: Welsh God of Light
also called Beli, Belin, Belinos, Belinus, Bellinus, Belenos, and in Ireland called Bile
beli: shining (modern Welsh: pelydur--radiant. It is common for b's and p's to mutate into one another in Welsh, depending on dialect and time period. Deriving from the Celtic word bel--to shine, to be bright. The old Celtic god was called Belinos/Belenos)
Legendary king of Britain, Beli is in origin a Celtic sun god, consort to the earth mother Don. His feast day was called "Beltane"--"Fire of Bel" or "Bright Fire." He is primarily a god of light and therapy, equated with Apollo.
Later legend makes him king of Britain. Some sources make him brother to Cunobelinus (Cymbeline), whose name, by the way, means "Hound of Beli." Elsewhere, (namely in The History of the Kings of Britain), he is made the brother of Brennius (Bran), and his rival. This rivalry may be a half-rememberence of the battles between the Children of Don and the Children of Llyr, as Bran was the son of Llyr, and Beli the consort of Don.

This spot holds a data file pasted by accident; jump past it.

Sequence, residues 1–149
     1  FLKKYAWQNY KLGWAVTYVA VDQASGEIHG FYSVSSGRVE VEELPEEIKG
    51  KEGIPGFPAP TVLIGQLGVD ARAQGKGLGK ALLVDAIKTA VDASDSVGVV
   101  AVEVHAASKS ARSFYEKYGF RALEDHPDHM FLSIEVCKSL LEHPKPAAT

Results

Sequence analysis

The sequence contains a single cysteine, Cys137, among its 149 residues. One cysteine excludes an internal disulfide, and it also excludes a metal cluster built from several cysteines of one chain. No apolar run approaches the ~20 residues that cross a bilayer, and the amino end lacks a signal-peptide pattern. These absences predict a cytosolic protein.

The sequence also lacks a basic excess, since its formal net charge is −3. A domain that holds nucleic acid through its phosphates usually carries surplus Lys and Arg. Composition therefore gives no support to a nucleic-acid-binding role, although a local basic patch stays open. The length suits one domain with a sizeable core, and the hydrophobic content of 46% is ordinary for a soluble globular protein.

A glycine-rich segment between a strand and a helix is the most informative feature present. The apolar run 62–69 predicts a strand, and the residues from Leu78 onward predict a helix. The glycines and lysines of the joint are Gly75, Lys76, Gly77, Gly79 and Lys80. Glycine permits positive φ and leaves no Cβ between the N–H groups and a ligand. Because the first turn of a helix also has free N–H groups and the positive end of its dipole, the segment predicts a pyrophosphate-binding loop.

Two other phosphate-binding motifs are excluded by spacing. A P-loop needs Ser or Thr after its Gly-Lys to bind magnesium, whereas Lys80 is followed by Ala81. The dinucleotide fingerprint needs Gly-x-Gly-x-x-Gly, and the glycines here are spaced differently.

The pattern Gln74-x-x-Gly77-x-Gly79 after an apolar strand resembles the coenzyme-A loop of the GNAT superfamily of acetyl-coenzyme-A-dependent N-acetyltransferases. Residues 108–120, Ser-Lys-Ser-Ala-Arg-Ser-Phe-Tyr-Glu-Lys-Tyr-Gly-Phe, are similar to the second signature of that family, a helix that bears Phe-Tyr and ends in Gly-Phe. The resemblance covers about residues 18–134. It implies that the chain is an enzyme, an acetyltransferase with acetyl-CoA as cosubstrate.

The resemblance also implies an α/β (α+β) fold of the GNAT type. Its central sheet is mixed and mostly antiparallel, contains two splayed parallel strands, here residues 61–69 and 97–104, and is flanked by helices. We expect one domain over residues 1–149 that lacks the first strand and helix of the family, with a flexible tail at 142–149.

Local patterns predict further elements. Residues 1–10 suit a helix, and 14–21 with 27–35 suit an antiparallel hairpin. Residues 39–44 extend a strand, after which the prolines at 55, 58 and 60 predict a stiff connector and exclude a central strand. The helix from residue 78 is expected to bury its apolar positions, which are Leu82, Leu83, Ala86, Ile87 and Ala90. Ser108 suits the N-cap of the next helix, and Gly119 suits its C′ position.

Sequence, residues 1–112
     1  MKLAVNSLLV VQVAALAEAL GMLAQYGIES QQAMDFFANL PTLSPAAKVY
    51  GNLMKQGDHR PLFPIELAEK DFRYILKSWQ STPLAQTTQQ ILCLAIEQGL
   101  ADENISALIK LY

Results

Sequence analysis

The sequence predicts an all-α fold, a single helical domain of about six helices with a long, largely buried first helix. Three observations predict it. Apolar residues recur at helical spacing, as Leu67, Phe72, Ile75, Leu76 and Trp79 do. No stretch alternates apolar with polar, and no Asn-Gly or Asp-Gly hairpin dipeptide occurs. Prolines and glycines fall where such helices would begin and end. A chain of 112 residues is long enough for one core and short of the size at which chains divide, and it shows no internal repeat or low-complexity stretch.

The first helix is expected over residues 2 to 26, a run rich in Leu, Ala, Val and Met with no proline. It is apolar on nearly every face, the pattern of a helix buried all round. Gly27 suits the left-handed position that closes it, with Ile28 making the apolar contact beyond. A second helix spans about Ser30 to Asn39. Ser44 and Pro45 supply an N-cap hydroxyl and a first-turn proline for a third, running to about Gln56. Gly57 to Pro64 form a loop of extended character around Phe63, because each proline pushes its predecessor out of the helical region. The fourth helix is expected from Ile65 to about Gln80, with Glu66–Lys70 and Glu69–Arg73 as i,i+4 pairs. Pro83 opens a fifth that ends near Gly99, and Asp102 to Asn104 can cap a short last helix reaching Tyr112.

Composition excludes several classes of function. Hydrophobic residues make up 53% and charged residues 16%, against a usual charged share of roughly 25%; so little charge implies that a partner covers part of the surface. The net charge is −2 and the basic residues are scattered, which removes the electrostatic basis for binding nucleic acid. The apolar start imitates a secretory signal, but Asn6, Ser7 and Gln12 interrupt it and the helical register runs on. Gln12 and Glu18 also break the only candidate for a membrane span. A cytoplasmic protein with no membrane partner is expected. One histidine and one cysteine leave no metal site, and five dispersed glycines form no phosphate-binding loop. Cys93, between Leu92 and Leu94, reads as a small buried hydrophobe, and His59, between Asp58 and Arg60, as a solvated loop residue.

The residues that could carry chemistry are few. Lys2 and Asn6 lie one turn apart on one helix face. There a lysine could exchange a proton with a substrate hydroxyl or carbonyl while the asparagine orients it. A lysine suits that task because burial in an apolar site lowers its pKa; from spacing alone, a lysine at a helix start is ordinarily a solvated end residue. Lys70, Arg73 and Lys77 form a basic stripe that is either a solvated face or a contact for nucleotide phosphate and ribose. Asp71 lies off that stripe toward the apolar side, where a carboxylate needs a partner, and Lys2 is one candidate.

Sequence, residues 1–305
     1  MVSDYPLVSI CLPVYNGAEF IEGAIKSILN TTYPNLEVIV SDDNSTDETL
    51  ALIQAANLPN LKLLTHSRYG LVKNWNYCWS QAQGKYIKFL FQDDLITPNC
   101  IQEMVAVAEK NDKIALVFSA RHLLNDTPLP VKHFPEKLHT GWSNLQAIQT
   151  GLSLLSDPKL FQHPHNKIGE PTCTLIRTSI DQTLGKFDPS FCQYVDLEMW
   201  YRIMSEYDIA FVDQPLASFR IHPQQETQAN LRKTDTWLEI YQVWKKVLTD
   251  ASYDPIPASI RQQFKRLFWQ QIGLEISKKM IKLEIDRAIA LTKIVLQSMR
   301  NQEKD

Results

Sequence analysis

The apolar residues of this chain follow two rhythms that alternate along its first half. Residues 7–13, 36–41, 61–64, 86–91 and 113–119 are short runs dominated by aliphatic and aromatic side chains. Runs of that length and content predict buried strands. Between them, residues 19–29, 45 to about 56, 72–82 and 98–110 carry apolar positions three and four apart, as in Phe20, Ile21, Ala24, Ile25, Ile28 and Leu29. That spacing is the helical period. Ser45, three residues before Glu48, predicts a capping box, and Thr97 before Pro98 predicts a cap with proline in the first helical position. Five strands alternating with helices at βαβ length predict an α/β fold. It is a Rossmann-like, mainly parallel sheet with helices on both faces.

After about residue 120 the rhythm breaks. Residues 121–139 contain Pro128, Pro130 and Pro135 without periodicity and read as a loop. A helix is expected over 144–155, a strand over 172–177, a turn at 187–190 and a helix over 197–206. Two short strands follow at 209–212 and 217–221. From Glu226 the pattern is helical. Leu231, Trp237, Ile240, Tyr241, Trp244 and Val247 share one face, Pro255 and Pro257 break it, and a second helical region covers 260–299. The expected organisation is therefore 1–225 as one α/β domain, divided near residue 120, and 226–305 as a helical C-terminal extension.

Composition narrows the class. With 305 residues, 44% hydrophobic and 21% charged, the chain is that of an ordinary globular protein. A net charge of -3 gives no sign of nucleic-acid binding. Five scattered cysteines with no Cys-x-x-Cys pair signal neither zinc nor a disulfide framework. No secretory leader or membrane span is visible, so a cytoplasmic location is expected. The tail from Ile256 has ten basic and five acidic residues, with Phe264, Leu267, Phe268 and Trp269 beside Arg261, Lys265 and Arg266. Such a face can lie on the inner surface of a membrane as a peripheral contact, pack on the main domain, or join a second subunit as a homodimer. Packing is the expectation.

He is also associated with Cernunnos by way of a statue depicting him with horns and calling him Mars Belatucadros, or "Mars the Shining One". This was found in Cumbria. In Ireland, where he is called Bile or Bíle, he is also a god of death and the underworld. As unlikely as this may seem, remember that the Celts believed in reincarnation and at one point had a solar cult. The belief in a dying and rising god is not so far-fetched.
He is also thought, by Roger Sherman Loomis, to be the origin of the Arthurian figure of Pellinor, father of Percivale (Perceval). Again, the mutation of B to P and (here) M to N makes the case: Beli Mawr--> Pelli Nor--> Pellinor.